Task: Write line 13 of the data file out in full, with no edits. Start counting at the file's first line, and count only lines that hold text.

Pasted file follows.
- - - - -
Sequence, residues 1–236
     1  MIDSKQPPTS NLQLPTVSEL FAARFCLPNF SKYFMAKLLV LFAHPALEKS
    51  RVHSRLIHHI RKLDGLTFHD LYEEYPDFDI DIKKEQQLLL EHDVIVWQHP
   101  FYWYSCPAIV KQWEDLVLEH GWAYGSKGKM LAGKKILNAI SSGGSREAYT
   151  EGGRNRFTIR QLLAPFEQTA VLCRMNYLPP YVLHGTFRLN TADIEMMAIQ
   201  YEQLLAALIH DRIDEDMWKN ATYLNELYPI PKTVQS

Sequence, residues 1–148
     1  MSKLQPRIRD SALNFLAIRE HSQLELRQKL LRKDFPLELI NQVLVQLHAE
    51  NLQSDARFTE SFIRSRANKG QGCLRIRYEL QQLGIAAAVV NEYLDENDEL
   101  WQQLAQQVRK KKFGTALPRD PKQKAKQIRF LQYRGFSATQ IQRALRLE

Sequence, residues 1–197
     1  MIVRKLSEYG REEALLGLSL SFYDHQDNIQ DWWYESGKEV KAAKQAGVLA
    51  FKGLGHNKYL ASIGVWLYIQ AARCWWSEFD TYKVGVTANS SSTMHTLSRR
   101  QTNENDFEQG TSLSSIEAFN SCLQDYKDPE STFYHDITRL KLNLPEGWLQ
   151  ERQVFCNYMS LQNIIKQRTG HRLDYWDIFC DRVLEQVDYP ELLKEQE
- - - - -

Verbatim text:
    51  FKGLGHNKYL ASIGVWLYIQ AARCWWSEFD TYKVGVTANS SSTMHTLSRR